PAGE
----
Workplace Retaliation: What Are Your Rights?
June 5, 2019
Because of stories in the news highlighting employment discrimination lawsuits, many people know that there are laws prohibiting employers from taking an adverse action against an employee or from disregarding an otherwise qualified job candidate’s application because of the employee’s or job candidate’s sex, age, gender, religion, color, nationality, or disability. However, because these lawsuits are typically less publicized, most people do not know that the same laws prohibit employers from retaliating against an employee because the employee filed an employment discrimination claim against the employer or participated on behalf of the plaintiff in an employment discrimination lawsuit. If this occurs, employees may have actionable workplace retaliation claims against their employers. This article explains what rights people have when they are retaliated against by their employers in Pennsylvania.
Workplace Retaliation Explained
Stated simply, retaliation is any adverse action that an employer takes against an employee because of the employee’s involvement in an employment discrimination lawsuit lodged against the employer. The most blatant form of retaliation is the firing of an employee for their involvement in the discrimination lawsuit.
However, other actions that employers take can also be considered retaliation. These other actions include:
- Demoting employees
- Reducing their pay
- Cutting their hours
- Changing their work schedule entirely
- Giving them poor performance reviews
- Issuing them warnings or writing them up for things that the employee did not do
- Failing to give them raises
- Failing to promote them
- Transferring them to a less desirable work location
- Rejecting employees’ requests to transfer to a more desirable work location
The Laws that Protect Against Workplace Retaliation
There are several federal laws that prohibit employers from retaliating against their employees. Title VII of the Civil Rights Act of 1964 prohibits employers from retaliating against employees for filing employment discrimination lawsuits or participating in an employment discrimination lawsuit lodged against the employer. The Fair Labor Standards Act specifically prohibits employers from retaliating against employees that report wage and hour violations. The Family and Medical Leave (“FMLA”) Act also prohibits employers from retaliating against employees who take family and medical leave provided under the Act.
In addition to federal laws, the Pennsylvania Human Relations Act prohibits employers from retaliating against employees that participate in or filing employment discrimination complaints or lawsuits. This Act is most similar to Title VII of the Civil Rights Act of 1964, but it is broader in that is protects individuals who are discriminated against on the basis of sexual orientation and those employees who file or participate in the investigation of said complaints.
Both federal and state law protects employees from retaliation if they file or participate in employment discrimination claims against employers even if they are untrue. However, if the claims were made despite the fact that the employee knew it was untrue, federal and state law does not protect that employee from retaliation if an adverse employment action is taken against him or her.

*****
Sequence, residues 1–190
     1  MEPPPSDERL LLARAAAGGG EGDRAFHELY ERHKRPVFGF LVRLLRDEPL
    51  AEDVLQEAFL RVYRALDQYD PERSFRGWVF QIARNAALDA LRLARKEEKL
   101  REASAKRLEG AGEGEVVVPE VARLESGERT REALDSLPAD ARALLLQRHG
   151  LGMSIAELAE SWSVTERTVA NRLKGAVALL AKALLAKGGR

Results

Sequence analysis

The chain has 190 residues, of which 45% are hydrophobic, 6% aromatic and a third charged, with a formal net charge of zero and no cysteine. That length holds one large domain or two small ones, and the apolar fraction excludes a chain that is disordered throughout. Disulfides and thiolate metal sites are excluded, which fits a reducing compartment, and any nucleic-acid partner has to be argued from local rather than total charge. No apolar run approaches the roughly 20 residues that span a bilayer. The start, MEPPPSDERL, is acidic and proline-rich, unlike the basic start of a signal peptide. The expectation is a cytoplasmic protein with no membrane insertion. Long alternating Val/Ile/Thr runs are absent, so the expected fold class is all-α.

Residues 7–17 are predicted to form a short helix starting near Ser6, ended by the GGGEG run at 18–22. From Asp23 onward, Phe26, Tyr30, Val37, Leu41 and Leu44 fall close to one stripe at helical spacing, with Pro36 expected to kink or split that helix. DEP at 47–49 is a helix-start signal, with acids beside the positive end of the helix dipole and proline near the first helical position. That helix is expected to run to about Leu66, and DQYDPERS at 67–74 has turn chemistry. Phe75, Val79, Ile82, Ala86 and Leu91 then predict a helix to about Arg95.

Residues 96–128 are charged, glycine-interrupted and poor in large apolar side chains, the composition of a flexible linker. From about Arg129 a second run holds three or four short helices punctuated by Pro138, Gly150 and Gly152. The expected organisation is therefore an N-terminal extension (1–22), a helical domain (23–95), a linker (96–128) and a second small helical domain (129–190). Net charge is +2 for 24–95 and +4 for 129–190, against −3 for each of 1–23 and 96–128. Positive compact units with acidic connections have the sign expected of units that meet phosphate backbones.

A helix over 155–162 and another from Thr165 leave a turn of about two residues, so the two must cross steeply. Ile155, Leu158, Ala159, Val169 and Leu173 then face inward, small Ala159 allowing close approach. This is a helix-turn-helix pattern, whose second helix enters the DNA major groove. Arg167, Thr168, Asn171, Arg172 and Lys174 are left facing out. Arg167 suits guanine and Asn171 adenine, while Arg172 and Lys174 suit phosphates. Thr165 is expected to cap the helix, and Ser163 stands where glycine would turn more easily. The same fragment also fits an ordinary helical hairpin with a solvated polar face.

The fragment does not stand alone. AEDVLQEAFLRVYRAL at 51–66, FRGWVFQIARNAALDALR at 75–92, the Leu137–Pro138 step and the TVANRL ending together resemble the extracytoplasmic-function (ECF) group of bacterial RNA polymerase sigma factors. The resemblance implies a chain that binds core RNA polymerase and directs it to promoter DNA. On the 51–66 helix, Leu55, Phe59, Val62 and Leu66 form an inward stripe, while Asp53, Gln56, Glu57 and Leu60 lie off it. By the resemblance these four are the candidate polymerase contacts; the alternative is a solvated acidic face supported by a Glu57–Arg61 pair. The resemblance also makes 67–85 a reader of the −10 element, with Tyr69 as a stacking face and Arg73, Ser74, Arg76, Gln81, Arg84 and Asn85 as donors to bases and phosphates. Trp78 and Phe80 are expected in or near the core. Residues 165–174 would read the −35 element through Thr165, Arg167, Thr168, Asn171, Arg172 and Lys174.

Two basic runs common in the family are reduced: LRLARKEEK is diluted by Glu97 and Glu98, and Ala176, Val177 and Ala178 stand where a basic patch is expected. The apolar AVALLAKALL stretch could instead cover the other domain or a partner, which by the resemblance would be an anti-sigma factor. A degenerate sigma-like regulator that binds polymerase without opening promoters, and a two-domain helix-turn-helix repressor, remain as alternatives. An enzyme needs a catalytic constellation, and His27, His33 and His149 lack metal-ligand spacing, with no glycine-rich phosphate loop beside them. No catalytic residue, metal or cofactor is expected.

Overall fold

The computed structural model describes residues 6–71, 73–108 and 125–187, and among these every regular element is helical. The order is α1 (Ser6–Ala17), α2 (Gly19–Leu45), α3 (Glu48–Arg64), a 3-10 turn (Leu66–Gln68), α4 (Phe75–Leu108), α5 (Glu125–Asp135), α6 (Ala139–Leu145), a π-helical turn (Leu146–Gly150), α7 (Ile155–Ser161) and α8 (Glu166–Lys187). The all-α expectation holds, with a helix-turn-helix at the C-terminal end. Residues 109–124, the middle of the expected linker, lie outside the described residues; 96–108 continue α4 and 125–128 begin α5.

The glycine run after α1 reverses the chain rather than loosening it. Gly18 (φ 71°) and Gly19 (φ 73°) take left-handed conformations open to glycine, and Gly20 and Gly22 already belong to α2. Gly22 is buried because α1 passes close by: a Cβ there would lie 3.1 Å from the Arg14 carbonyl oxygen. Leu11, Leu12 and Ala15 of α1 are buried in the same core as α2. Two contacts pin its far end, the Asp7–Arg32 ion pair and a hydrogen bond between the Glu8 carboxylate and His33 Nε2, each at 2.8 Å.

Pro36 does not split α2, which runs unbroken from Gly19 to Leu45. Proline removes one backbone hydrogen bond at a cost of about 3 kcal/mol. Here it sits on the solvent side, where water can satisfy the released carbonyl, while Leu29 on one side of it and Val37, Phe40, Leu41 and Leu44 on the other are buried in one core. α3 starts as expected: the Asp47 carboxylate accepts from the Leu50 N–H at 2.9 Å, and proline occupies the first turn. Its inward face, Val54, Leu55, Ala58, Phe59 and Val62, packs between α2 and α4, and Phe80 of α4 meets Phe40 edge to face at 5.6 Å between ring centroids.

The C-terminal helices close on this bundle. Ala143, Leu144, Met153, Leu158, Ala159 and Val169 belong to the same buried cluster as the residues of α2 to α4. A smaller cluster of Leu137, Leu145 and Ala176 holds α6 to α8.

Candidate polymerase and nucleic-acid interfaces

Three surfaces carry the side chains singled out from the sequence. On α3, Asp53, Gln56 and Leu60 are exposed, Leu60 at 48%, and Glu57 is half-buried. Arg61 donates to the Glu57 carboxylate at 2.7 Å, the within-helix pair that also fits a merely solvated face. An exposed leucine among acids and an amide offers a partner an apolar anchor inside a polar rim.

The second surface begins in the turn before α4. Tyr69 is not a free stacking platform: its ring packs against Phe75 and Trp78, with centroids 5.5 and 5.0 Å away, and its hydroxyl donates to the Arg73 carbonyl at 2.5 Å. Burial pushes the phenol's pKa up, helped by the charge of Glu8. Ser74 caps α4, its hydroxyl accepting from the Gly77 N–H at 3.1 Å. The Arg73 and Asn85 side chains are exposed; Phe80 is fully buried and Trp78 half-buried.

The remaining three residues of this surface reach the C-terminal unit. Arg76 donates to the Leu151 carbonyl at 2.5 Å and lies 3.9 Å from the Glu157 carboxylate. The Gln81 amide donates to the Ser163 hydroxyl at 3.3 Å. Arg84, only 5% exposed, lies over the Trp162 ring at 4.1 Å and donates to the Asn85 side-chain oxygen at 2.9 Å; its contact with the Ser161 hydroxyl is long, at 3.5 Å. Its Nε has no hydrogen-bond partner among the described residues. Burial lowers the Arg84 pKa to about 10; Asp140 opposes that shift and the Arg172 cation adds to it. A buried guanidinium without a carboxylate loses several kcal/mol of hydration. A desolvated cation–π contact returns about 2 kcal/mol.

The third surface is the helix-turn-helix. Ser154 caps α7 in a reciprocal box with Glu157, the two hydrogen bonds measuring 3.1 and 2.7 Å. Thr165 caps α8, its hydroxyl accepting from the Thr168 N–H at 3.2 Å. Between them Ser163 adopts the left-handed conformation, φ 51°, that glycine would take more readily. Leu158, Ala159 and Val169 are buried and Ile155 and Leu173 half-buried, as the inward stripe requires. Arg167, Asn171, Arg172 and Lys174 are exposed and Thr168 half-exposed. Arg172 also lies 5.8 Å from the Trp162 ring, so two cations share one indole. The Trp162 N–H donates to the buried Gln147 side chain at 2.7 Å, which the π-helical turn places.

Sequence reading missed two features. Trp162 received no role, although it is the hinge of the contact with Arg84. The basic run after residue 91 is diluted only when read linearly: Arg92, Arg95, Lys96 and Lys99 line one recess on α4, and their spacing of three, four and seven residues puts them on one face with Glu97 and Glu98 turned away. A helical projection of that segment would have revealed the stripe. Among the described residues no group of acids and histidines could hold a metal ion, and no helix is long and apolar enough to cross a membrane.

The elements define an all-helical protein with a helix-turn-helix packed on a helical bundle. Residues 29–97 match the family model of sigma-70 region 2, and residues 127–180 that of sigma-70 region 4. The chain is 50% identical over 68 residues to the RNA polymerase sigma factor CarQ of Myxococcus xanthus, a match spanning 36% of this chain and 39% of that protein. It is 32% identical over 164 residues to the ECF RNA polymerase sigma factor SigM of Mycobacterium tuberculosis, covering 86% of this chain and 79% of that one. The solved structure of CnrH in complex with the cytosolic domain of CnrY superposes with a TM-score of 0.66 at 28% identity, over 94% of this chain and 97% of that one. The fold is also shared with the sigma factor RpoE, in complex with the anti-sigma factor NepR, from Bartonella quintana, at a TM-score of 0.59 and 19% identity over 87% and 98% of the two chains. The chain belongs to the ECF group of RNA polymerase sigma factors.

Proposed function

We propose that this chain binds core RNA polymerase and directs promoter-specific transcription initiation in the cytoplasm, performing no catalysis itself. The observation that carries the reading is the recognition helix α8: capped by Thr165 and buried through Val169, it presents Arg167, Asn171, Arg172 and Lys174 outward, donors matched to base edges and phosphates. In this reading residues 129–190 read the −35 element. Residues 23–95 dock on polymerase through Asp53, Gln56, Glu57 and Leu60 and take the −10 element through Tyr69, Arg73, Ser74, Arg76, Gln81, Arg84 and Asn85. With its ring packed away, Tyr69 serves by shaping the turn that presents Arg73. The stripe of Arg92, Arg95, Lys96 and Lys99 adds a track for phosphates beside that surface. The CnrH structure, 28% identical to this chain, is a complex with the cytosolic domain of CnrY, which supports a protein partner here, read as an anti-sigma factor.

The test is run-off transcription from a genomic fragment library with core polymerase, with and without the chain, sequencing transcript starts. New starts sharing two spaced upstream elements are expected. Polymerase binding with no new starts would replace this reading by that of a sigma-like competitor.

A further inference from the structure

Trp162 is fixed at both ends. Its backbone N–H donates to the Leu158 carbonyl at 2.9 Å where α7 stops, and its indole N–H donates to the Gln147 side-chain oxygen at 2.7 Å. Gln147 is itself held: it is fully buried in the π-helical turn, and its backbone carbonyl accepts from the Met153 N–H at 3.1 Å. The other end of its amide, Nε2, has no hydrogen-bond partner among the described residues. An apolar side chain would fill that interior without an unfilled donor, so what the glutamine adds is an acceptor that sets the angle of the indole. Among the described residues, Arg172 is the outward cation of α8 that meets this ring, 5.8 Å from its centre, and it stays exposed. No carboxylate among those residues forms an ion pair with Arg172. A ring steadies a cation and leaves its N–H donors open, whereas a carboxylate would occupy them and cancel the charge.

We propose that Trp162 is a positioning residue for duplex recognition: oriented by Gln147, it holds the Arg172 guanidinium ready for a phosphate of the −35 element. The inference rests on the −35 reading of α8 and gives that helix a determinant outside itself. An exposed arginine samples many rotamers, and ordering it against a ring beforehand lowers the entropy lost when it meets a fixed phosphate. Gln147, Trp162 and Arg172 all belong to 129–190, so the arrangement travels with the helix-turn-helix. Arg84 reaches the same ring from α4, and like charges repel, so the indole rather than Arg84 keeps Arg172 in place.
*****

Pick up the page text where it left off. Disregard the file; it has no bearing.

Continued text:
What Can a Person Who Experiences Workplace Retaliation Do?
If you believe that you have suffered workplace retaliation due to an adverse employment action that was taken against you, you should first speak with your employer’s human resources department to get an explanation for the action. Your employer may have a valid, non-retaliatory reason for taking the action. However, if you believe the reasoning you receive is pretext and that the action was taken to retaliate against you, you can file what is called a charge with the Equal Employment Opportunity Commission (“EEOC”), the federal administrative agency that reviews and handles claims of employment discrimination and workplace retaliation, as well as the EEOC’s state counterpart, the Pennsylvania Human Relations Commission (“PHRC”). In Pennsylvania, you can duly file a charge with the EEOC and the PHRC so that both agencies may review your claim. If one or both find the claim has merit, one of the agencies will initiate a lawsuit on your behalf for the retaliation you experienced. If successful, you may be entitled to monetary compensation. However, even if one or both agencies, find that your retaliation claim lacks merit, the agency will provide you with a right to sue letter, which allows you to initiate a retaliation lawsuit is state or federal court. Because retaliation claims often involve making complex legal argument and finding supporting evidence, it is prudent to talk to an experienced employment discrimination lawyer as soon as possible after you experience workplace retaliation.
Contact the Experienced Pittsburgh Employment Law Attorneys About Your Workplace Retaliation Claim Today
Have you recently experienced an adverse employment action out of the blue that you believe is workplace retaliation. If so, the attorneys at Quinn Logue LLC may be able to help you in getting the employment litigation matter resolved. Contact us today by filling out our online scheduling form or by calling us at (412) 765-3800. We have an office conveniently located at 200 First Avenue, 3rd Floor, Pittsburgh, PA 15222.
The articles on this blog are for informative purposes only and are no substitute for legal advice or an attorney-client relationship. If you are seeking legal advice, please contact our law firm directly.